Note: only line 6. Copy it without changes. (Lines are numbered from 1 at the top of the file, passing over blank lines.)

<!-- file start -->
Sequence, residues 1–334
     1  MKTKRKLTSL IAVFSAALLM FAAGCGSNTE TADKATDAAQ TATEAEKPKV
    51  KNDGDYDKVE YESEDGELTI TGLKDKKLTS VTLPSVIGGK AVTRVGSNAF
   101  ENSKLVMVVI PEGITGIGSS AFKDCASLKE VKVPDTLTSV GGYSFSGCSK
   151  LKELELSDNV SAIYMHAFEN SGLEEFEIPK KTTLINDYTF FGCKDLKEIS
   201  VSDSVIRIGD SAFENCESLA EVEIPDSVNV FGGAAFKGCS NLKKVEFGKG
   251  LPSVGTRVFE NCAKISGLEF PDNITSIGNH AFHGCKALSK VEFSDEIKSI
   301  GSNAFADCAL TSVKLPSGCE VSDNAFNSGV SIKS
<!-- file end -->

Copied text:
   201  VSDSVIRIGD SAFENCESLA EVEIPDSVNV FGGAAFKGCS NLKKVEFGKG